No one change has the potential to improve education for all students as increasing the use of formative assessment in our classrooms. This technique informs future instruction as opposed to summarizing it before moving on. Ongoing and diagnostic, formative assessment is a cornerstone of differentiation. Examples of formative assessment include: an in class discussion gauging student understanding before a unit of study, or providing written feedback on a writing activity before it is due. These strategies help the teacher gain insight into the varied levels of comprehension within each class, as well as providing students an opportunity for reiteration of their work. Formative assessment should never be graded- instead thought of as a work in progress toward the goal of enduring understanding. How can we embed this powerful strategy into our daily practice? The following three techniques can be used in virtually every classroom setting:
Putting a grade on an assignment ends the learning process and signals to students that it’s time to move on. Be reducing or eliminating grades given we can promote growth and learning. The trademarks of a quality formative assessment program include timely, descriptive and personalized feedback. The sooner students receive this feedback, which can be written or verbal, the better. A good guideline is 24 hours at most. Creating a grade free environment in which students can explore their weaknesses without fear or the label of failure is an essential philosophical component without which formative assessment truly doesn’t exist.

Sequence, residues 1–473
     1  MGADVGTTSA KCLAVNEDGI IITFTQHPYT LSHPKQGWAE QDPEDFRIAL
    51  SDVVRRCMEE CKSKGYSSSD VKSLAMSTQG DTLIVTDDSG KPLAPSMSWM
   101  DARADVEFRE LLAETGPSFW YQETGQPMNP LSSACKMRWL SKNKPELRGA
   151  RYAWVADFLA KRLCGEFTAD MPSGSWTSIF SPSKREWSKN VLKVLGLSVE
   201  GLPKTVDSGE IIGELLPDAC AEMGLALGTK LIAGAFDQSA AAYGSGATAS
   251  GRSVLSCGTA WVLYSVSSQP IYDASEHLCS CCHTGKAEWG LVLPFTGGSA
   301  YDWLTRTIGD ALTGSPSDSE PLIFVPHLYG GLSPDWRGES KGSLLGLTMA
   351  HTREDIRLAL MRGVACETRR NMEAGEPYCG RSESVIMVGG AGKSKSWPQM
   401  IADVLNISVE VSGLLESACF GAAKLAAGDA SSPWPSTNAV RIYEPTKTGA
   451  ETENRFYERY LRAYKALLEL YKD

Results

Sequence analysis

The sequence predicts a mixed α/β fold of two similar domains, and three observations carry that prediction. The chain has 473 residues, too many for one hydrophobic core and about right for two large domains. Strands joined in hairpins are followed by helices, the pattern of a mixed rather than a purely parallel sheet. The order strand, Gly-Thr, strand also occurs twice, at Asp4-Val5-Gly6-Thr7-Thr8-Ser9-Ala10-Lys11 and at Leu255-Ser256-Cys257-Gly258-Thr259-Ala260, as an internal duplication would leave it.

A student’s end of unit test score shouldn’t be the first time they are receiving a response to their work. Along the way, feedback is provided by means of conferencing with the student and written commentary on activities. One of the goals of formative assessment should be that pupils grasp what they need to work on more in depth and how to accomplish improved grasp of the subject on their own. Conferencing individually on a regular basis allows this consideration to be focused and become an ingrained part of the classroom culture.
Focus on Growth
The biggest, and arguably most important, innovation that formative assessment represents is the shift away from school being viewed as a deficit model where points are removed for lack of understandings; instead promoting growth and progress towards comprehension. Allowing students to retake tests and quizzes that have grades begins to blend the line between formative and summative because reiteration is emphasized. If pupils are not meeting with success they should be allowed to relearn material and showcase their improved understandings.
Challenging how we view our measurement of student understandings creates opportunities to innovate the classroom experience. Being cognizant of where students are today, and helping them move forward tomorrow based on that information we can individualize learning for each and every child. From reducing the achievement gap to boosting high school graduation rates these strategies will foster lifelong learning in our students. Minimizing the emphasis of grades and instead providing quality feedback shows our students we are interested in their growth and place importance on the journey of learning rather than just the result.
Jasper Fox Sr. is a member of the ASCD Emerging Leaders Class of 2015. Fox teaches science at Lakeland Copper Beech Middle School in Shrub Oak, N.Y., where he is in his thirteenth year of teaching. An avid writer and connected educator, he maintains an active Twitter presence as @jasperfoxsr and writes regularly for Inservice on improving educational practice to help all students succeed.